9 sleep myths you need to stop believing
1. Alcohol helps you sleep better
Many people enjoy a nice glass of wine or whiskey before going to bed, and although it’s true that booze before bedtime reduces sleep latency (meaning, it’s easier to fall asleep), that doesn’t mean the sleep quality is any good. Alcohol is a depressant and therefore increases non-REM sleep and reduces REM sleep. Not getting enough REM sleep has been linked tomigraines and poor emotional stability. In the second half of the night, the body compensates for decreased REM sleep by inducing longer periods of the stage, which disturbs the sleep cycle and results in morning crankiness.
2. Laying in bed is just as good as sleeping
Although it may seem hard to believe, there is a perception among some people that laying in bed for long periods of time is just as helpful to the body as if they were asleep. “Sleeping is a different state of being than resting,” says Stephen Scharf, director of the Sleep Disorders Center at the University of Maryland Medical Center, in an interview with Van Winkle’s. “During sleep, there are a number of neurologic and reconstructive processes that don’t go on during the wake state.” For example, the fluctuations of heart rate and blood pressure levels that occur during sleep are important for promoting heart health. Also, the immune system produces hormones such as cytokines that help fight infections like the cold and flu.
3. You should never wake a sleepwalker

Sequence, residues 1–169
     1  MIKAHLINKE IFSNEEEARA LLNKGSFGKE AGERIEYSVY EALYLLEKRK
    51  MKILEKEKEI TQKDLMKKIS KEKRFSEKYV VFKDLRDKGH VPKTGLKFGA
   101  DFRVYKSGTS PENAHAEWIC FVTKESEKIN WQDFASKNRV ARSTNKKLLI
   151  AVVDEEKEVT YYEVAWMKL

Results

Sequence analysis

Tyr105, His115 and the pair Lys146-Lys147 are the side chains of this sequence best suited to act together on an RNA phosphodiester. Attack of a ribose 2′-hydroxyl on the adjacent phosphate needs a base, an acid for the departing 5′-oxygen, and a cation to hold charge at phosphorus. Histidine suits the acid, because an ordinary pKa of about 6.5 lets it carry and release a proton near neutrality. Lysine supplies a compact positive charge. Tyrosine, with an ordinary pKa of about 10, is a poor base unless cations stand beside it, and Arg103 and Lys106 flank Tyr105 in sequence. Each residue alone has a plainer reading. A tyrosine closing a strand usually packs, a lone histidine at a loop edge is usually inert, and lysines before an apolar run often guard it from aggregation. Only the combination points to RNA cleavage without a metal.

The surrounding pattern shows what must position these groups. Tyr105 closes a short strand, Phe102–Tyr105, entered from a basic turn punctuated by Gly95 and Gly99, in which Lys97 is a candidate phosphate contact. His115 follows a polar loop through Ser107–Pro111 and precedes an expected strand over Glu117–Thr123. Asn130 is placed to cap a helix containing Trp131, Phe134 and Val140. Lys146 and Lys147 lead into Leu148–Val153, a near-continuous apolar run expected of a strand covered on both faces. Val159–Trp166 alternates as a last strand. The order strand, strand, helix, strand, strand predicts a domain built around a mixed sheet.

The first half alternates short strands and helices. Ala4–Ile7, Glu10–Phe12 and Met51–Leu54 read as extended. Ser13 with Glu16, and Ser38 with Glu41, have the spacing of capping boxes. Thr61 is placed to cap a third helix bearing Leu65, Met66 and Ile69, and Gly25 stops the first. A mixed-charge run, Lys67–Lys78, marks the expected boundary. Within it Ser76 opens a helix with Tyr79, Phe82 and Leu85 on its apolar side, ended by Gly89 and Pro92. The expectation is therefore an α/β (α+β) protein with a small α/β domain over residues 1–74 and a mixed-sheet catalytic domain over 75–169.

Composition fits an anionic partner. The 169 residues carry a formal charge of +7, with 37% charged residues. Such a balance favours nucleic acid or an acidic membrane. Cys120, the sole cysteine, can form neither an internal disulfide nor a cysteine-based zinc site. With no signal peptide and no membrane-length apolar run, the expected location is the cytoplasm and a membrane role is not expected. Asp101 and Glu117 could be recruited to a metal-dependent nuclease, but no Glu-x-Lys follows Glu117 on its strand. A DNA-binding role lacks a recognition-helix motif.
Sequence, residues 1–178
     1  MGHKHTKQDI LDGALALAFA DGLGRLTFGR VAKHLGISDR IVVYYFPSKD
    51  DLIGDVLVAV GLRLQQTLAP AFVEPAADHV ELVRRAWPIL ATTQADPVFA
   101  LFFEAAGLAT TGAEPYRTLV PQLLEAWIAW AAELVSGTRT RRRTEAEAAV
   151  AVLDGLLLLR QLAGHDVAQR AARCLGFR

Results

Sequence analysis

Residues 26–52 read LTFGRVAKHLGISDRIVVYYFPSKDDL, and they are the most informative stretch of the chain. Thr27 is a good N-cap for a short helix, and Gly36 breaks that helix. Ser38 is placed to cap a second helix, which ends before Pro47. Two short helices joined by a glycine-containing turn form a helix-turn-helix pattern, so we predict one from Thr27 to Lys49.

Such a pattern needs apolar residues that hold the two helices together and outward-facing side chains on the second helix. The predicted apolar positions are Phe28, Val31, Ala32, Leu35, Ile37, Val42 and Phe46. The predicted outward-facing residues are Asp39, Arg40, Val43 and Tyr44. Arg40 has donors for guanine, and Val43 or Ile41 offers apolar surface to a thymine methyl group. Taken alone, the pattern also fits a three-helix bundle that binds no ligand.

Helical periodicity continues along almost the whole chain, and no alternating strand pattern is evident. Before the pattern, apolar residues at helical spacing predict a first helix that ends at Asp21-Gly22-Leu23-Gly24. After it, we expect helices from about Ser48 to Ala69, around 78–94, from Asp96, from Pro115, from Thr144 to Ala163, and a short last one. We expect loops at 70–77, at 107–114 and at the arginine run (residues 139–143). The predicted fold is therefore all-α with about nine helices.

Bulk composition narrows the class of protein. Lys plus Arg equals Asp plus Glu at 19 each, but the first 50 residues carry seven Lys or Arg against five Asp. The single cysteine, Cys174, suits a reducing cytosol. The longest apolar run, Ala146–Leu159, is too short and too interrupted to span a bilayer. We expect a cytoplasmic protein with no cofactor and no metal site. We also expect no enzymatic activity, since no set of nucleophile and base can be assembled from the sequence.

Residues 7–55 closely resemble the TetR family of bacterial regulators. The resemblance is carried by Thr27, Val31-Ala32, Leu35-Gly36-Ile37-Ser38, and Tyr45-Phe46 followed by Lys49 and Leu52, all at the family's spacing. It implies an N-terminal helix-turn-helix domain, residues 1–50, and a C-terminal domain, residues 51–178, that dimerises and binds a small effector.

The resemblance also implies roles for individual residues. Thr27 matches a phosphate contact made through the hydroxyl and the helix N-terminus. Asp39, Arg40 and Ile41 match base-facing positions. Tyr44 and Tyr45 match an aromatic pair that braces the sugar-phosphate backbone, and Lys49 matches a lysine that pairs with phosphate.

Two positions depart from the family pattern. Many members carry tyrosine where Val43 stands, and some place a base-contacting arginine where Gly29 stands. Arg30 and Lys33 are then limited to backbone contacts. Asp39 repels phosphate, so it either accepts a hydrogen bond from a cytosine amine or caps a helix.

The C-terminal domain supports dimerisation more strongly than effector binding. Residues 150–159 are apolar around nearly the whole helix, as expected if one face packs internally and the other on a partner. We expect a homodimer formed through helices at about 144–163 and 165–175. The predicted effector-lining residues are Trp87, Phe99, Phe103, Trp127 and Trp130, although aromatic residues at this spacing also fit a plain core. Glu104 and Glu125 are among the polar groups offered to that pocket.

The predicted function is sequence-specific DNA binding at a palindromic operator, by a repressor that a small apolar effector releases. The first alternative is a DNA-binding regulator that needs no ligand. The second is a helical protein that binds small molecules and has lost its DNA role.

Maybe cartoons are to blame. Or perhaps it stems from the belief that sleepwalking was once associated with demonic possession. But this waking rule has somehow come to serve as accepted fact when dealing with night-wanderers. It’s simply not true. In an interview with Scientific American, Michael Salemi of the California Center for Sleep Disorders said that waking a sleepwalker may distress them, but that’s about it. “You can startle sleepwalkers, and they can be very disoriented when you wake them up and they can have violent, or confused reactions,” Salemi said, “but I have not heard of a documented case of someone dying from being woken up.”
4. You can lose the ability to sleep
One of the more striking effects of insomnia is that it makes sufferers feel that their body has somehow forgotten how to rest. But if you’re alive, you can sleep. In reality, Scharf says these people have a condition called sleep state misperception which means they think they’re awake when they have actually been sleeping. “When you’re sleeping, you don’t sense the passage of time,” Scharf says. “They think they never sleep, which is not true. If you really were going through extremely long stretches without any sleep, you would know because, well, you’d be dead.
5. Spicy, savory foods will give you nightmares
The belief that certain foods, such as cheese, hot peppers and other spicy dishes, will result in nightmares has gone back centuries (Ebenezer Scrooge even blamed cheese on his bad dreams in A Christmas Carol). Cheese and spicy foods eaten before bed definitely cause restless stomachs, however, which might be why the myth began in the first place. No legitimate study has ever proven a relationship between certain foods and bad dreams. More realistically, the belief that certain foods cause nightmares is probably what causes them.